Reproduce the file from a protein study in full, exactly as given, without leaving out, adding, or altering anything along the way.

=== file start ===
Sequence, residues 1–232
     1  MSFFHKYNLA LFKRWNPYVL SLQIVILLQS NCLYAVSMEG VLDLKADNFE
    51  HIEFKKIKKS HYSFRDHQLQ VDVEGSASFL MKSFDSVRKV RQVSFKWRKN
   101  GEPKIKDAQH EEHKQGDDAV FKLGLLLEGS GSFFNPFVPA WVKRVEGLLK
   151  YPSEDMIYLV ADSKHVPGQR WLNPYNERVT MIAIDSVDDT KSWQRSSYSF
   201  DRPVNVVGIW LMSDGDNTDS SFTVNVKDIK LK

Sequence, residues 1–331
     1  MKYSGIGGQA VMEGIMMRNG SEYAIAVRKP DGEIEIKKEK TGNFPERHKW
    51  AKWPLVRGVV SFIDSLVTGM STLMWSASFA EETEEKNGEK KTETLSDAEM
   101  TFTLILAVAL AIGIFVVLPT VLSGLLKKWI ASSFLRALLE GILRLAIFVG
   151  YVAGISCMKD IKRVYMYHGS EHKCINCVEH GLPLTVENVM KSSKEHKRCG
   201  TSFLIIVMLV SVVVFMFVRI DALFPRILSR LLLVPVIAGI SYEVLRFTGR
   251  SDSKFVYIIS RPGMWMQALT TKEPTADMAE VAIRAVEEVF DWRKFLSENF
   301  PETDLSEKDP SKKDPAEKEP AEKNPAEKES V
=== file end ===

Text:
Sequence, residues 1–232
     1  MSFFHKYNLA LFKRWNPYVL SLQIVILLQS NCLYAVSMEG VLDLKADNFE
    51  HIEFKKIKKS HYSFRDHQLQ VDVEGSASFL MKSFDSVRKV RQVSFKWRKN
   101  GEPKIKDAQH EEHKQGDDAV FKLGLLLEGS GSFFNPFVPA WVKRVEGLLK
   151  YPSEDMIYLV ADSKHVPGQR WLNPYNERVT MIAIDSVDDT KSWQRSSYSF
   201  DRPVNVVGIW LMSDGDNTDS SFTVNVKDIK LK

Sequence, residues 1–331
     1  MKYSGIGGQA VMEGIMMRNG SEYAIAVRKP DGEIEIKKEK TGNFPERHKW
    51  AKWPLVRGVV SFIDSLVTGM STLMWSASFA EETEEKNGEK KTETLSDAEM
   101  TFTLILAVAL AIGIFVVLPT VLSGLLKKWI ASSFLRALLE GILRLAIFVG
   151  YVAGISCMKD IKRVYMYHGS EHKCINCVEH GLPLTVENVM KSSKEHKRCG
   201  TSFLIIVMLV SVVVFMFVRI DALFPRILSR LLLVPVIAGI SYEVLRFTGR
   251  SDSKFVYIIS RPGMWMQALT TKEPTADMAE VAIRAVEEVF DWRKFLSENF
   301  PETDLSEKDP SKKDPAEKEP AEKNPAEKES V